The major 'success' to date has clearly been the beef dumping case. The impact of EU agricultural subsidies on developing countries is a serious cause for concern, and with this in mind, Eurostep produced a report in 1992 calling for further reforms of the Common Agricultural Policy. This was followed in 1993 by a campaign focusing on EU subsidies for beef to West Africa. Research undertaken by Novib, Eurostep's lead agency on trade, showed how frozen European beef, sold on Sahel markets at subsidised prices, prevented local farmers from selling their fresh meat. It also revealed a lack of coherence between agricultural and development policies. Development aid was being given to the farmers but, at the same time, they were being driven out of business by the dumping of European surpluses. During the research, suspected fraud involving EU subsidies was also discovered by chance. It appeared that some EU exporters were being funded to sell capes (a meat product) whose fat content was much too high to be eligible for export refunds. The dossier was passed to the fraud administration of the Commission. When the campaign began on that December morning in 1992, with Sahelian farmers handing over the report to the Council President, it attracted support from 250 organisations in Europe and West Africa. TV reporters and journalists from several EU countries covered the event. The European Parliament also became actively involved, supporting demands for abolition of subsidies and policy coherence. At the same time Eurostep members sent the report to their ministries of agriculture and development, and sought talks with the responsible ministers. Although all accusations were denied from the outset, EU export restitutions on capes destined for West Africa are now 28% lower than when we started the campaign. EU exports to the region have decreased and Sahelian farmers are regaining their market share. In combination, the reduction in export subsidies and the devaluation of the CFA franc are largely responsible for this encouraging result. Other positive news is that the Commission has accepted an internal guideline which is intended to bring about a coherent EU policy towards the livestock sector of West Africa. Though this is a 'success story', seen from the point of view of a lobbying network, the main question still remains: how to make the EU coherent in all its policies.

Having a small office, as underlined above, has positive aspects but it also has its negative side. There is a lack of time to pursue all the things that need to be done. An advocacy office needs to have a clear overview of who is who in the European institutions. Time is needed to develop connections. But elections mean that there are changes in the Parliament, Commissioners also change or move to new portfolios, and within the administration, new geopolitical visions mean changes to the structure and composition of the directorates-general just as one is beginning to understand the old set-up.

For a Brussels-based NGO, the European Parliament is without doubt its best ally. It is an open institution and most MEPs take the view that, as the only democratically elected EU body, they should listen to the 'people' and put forward their concerns if they find them reasonable.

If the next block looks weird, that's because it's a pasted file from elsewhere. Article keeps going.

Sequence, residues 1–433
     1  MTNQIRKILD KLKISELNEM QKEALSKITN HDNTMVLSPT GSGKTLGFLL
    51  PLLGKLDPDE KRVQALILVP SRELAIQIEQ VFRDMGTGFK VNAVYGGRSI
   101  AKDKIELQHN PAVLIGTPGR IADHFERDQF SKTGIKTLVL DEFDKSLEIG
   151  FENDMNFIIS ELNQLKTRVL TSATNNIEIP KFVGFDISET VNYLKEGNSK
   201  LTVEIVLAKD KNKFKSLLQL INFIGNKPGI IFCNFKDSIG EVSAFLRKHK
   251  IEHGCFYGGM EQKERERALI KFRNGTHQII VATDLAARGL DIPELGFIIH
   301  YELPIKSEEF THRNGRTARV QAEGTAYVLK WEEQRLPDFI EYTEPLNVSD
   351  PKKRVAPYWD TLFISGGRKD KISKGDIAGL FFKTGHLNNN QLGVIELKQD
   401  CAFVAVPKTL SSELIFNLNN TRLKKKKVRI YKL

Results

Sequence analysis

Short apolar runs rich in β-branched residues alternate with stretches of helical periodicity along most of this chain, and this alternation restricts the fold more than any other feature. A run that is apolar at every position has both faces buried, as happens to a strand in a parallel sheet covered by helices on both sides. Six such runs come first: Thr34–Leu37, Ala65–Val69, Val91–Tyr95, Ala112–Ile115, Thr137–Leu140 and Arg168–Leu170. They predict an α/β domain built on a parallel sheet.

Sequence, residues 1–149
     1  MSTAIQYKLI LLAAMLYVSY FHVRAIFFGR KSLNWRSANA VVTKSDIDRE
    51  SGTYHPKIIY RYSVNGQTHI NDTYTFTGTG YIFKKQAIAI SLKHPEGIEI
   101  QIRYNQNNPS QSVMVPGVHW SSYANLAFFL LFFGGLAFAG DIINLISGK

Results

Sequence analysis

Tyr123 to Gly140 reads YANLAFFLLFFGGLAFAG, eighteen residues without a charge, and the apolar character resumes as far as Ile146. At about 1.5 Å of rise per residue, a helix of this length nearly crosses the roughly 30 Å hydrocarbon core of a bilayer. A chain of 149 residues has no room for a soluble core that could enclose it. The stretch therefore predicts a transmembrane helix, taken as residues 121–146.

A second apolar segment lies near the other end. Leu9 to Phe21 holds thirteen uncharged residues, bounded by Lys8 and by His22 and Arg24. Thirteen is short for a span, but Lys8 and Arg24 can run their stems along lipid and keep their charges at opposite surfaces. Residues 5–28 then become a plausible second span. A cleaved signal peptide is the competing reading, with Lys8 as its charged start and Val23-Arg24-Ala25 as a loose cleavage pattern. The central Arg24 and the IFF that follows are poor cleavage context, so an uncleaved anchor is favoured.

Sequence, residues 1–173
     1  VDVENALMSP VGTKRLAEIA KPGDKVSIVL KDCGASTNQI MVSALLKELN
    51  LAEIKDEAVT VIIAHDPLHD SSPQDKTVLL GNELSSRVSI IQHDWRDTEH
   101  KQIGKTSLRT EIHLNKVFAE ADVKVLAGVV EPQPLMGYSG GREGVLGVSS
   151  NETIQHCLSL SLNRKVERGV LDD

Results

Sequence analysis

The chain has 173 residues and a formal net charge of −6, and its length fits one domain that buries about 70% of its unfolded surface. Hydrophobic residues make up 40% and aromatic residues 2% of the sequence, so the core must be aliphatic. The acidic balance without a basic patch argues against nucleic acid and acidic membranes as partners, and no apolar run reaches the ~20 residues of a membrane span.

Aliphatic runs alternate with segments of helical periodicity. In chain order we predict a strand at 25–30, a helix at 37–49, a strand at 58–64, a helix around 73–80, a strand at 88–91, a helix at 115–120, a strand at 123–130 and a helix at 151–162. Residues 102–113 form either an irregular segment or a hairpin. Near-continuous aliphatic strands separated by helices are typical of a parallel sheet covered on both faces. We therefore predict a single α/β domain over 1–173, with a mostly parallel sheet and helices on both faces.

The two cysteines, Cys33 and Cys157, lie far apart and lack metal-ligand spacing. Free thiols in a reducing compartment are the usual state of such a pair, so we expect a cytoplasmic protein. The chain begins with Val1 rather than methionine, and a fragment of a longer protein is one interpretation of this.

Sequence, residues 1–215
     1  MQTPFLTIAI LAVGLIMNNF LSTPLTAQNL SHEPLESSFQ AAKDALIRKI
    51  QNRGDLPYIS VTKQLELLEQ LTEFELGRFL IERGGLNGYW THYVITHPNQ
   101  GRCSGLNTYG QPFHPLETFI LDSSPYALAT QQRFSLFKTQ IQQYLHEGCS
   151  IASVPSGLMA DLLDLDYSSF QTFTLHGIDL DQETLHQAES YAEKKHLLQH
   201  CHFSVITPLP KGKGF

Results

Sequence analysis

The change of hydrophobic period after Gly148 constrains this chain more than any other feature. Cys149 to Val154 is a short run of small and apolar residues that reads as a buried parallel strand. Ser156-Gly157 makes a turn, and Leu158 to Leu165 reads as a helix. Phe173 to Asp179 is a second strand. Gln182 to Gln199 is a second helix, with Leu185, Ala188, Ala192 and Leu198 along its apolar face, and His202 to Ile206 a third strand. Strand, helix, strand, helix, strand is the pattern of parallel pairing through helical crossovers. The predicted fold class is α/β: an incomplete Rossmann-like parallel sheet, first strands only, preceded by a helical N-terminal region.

The Council is more distant but this is not a particular problem for the Eurostep secretariat as Council lobbying is undertaken by the network's members at national level. The Council press-department is easily accessible and its personnel are very helpful in finding and forwarding press releases and reports of Council meetings. A problem which crops up now and then is it can take several weeks to get Council reports in English, which is Eurostep's working language. Another difficulty is access to the agendas of meetings. This is probably not the Council's fault but rather that of the rotating Presidencies. One somewhat surprising experience during the recent Danish Presidency was the discovery that openness (one of Denmark's main themes), certainly had its limits. In spite of some good results and the very positive working relations with the Danish Development Minister, it was very difficult for the Working Group on the Presidency to get information in either Brussels or Copenhagen.

The same difficulty of access is often experienced with the Commission. It is possible to develop relationships with single individuals but generally, Commission papers are heavily guarded until they become public. We experienced this problem when seeking information about the Commission's work on the Cairo Summit. The views of an American stagiaire at Eurostep, writing subsequently in an internal report are instructive. She had thought the US Congress was difficult, but went on to say had never experienced 'bureaucracy like this before'. As a result, and in order to understand better the Commission's working methods, Eurostep, together with WIDE (Women in Development in Europe), carried out research and published a report entitled 'Gender mapping of the European Union'. Our vision of a good relationship with the Commission, is where the official drafting a policy paper finds it natural to contact a relevant NGO to hear its views on the subject. We should also like to see NGO networks like Eurostep, which produce newsletters on EU development policies that are sent all over the world, allowed to attend relevant press conferences and receive press information from the Commission. The Commission President has spoken of the need for more openness and for the EU to get closer to its citizens. We have another and very simple proposal. Let us work together!